- Psychological and Philosophical Perspectives on Happiness (3 credits, graduate division level)
January 2014 through January 2019
About the Training Sponsor
Teaching Happiness, Inc. is a group of educators and specialists in web design managing a multimedia educational platform on the internet focused on the topic of human happiness. This multimedia platform provides educators, students, and the general public with free access to clear, concise information on the history and scientific study of human happiness, positive psychology, and mental well-being in general. The website includes a broad variety of audiovisual media as well as text to bring historical and scientific views on happiness to life. They are particularly interested in providing science-based information on the skills needed to build resilience against depression and pursue a meaningful life. A major purpose of the organization is to train secondary and post-secondary educators to integrate content on the philosophy and psychology of happiness into their curricula.
Applying for the Credit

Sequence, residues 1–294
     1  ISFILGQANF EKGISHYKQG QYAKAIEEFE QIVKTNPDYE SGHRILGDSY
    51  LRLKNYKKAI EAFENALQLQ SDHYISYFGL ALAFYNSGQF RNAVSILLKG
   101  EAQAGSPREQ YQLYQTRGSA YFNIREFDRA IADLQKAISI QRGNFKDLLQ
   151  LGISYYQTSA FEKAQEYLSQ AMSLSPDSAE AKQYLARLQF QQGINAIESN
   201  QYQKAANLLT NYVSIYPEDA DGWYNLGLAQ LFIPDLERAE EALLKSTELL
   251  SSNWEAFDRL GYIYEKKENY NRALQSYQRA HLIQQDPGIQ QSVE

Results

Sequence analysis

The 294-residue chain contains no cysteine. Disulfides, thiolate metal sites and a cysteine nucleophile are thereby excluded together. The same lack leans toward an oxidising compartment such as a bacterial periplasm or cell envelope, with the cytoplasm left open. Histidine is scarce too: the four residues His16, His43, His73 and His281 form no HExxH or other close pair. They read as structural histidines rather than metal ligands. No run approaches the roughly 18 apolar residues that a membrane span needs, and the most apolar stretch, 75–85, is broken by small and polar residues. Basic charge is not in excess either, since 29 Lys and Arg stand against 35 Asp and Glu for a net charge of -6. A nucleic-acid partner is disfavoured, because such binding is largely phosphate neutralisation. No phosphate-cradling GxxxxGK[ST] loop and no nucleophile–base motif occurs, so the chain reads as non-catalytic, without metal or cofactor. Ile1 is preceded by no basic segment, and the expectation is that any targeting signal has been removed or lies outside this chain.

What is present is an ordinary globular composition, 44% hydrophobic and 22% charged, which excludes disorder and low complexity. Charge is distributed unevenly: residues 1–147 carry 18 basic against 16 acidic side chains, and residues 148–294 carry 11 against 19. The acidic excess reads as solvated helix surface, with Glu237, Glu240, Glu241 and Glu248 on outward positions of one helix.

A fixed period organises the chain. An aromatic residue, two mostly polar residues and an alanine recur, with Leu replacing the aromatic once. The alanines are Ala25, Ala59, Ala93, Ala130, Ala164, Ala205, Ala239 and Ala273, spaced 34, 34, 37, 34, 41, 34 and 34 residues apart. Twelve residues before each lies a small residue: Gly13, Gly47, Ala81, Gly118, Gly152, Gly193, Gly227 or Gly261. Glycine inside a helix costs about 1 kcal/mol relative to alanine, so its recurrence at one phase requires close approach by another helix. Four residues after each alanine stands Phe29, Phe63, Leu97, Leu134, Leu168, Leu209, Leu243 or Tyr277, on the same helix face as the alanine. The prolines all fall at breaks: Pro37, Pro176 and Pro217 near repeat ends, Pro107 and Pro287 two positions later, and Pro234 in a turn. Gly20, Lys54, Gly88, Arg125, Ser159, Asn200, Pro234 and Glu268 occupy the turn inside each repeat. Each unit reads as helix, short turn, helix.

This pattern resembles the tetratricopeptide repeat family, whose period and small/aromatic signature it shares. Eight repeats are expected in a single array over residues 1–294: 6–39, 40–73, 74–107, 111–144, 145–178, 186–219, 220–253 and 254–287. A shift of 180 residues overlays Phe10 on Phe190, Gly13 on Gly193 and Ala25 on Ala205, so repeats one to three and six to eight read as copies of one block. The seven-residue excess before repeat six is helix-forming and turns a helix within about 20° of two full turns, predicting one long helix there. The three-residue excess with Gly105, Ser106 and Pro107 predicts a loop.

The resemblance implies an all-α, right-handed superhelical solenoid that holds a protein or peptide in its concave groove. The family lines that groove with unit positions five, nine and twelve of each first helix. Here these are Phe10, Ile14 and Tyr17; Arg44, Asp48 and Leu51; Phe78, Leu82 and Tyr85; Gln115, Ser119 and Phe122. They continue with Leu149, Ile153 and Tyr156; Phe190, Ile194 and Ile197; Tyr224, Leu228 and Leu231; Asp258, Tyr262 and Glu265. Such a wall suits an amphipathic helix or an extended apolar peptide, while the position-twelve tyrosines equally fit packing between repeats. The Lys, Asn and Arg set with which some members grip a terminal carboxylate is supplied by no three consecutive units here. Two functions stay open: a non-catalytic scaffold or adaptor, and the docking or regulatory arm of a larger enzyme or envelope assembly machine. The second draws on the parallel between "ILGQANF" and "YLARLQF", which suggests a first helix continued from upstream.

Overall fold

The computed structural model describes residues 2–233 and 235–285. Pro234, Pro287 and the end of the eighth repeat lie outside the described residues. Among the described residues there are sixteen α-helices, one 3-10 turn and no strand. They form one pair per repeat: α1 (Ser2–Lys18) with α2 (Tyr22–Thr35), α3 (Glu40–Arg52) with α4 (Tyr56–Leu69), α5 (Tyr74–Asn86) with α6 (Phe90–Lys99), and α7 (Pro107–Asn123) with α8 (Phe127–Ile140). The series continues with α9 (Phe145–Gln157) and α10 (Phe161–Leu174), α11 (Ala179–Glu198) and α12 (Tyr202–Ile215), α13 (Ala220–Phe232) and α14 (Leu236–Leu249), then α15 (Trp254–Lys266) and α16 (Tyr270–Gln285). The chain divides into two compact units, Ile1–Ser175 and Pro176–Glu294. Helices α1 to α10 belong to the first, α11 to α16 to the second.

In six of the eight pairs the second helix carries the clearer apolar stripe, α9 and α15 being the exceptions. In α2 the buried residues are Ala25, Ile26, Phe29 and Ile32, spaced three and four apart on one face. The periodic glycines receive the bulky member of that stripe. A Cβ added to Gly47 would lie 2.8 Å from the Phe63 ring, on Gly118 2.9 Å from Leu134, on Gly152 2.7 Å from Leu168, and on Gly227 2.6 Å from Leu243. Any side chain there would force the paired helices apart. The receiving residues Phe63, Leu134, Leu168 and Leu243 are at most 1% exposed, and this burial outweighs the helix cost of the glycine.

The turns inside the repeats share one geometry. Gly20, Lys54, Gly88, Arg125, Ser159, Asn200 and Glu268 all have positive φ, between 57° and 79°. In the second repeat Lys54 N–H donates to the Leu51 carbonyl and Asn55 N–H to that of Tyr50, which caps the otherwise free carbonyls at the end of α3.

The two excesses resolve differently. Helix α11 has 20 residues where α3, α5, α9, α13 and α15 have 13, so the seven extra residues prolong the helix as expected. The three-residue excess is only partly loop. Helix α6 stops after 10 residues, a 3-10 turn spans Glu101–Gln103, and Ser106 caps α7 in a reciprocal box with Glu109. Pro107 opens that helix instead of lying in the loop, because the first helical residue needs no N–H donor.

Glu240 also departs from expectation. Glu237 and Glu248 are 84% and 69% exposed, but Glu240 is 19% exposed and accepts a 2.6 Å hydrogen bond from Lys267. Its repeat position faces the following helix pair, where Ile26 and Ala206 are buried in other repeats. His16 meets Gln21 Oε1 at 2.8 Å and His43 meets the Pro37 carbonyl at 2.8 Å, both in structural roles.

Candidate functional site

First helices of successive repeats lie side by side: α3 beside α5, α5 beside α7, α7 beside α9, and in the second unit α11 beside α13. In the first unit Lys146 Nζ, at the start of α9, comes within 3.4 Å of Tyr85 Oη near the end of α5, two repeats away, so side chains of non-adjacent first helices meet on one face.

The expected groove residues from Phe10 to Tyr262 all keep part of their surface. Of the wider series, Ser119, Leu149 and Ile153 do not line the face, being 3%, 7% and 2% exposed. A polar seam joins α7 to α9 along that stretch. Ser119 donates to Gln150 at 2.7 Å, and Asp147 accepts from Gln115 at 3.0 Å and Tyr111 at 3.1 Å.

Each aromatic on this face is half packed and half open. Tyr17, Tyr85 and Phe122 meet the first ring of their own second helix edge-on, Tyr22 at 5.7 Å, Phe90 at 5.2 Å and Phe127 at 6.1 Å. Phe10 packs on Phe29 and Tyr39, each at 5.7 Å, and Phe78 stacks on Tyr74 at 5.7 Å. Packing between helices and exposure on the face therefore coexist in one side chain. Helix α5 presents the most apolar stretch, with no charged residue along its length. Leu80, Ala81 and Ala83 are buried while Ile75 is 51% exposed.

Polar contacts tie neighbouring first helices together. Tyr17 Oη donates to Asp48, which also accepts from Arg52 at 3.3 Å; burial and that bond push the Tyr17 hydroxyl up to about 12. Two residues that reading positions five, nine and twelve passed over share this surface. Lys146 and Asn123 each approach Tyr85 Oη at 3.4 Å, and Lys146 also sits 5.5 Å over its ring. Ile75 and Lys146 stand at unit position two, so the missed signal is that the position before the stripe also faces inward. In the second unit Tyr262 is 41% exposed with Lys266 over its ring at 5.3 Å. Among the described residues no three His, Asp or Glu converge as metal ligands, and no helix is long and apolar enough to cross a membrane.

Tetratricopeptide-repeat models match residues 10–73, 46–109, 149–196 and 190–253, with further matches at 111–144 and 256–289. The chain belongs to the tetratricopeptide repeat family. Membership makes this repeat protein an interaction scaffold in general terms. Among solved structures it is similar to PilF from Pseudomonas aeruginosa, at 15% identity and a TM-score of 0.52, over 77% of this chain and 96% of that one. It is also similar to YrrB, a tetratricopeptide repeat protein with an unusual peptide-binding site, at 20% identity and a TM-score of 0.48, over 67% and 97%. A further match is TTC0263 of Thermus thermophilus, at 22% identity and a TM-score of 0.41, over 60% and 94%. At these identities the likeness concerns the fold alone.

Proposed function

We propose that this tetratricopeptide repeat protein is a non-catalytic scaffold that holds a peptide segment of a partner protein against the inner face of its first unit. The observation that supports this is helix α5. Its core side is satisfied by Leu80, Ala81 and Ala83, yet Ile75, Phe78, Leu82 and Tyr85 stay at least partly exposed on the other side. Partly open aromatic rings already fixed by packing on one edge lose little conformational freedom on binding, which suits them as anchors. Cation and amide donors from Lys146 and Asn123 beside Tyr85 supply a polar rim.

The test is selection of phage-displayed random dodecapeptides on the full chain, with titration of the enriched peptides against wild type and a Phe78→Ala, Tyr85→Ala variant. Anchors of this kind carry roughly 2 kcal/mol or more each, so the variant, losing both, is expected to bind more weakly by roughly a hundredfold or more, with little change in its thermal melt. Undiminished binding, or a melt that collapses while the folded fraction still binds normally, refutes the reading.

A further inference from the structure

Have your training sponsor submit your transcript or record to the Registrar to apply for the credit.
Psychological and Philosophical Perspectives on Happiness (3 credits, graduate division level)
This course examines recent research and ideas in positive psychology, social psychology, and psychiatry about happiness and well-being. Students will explore parallels and resonances between modern scientific discoveries and philosophical insights on happiness. This course identifies seven correlates (or habits) that show both scientific and philosophical validity as contributing to happiness and well-being. These include: Relationships; Caring; Strengths and Virtues; Flow; Spiritual Engagement and Meaning; Physical Well-being; Mindfulness and Positive Emotions. The course begins by comparing the approaches and methodologies of psychology and philosophy, including the challenges presented by the measurement of subjective well-being. Following this, each of the correlates will be dissected by analyzing relevant research and comparing the outcomes with parallel themes from philosophical texts.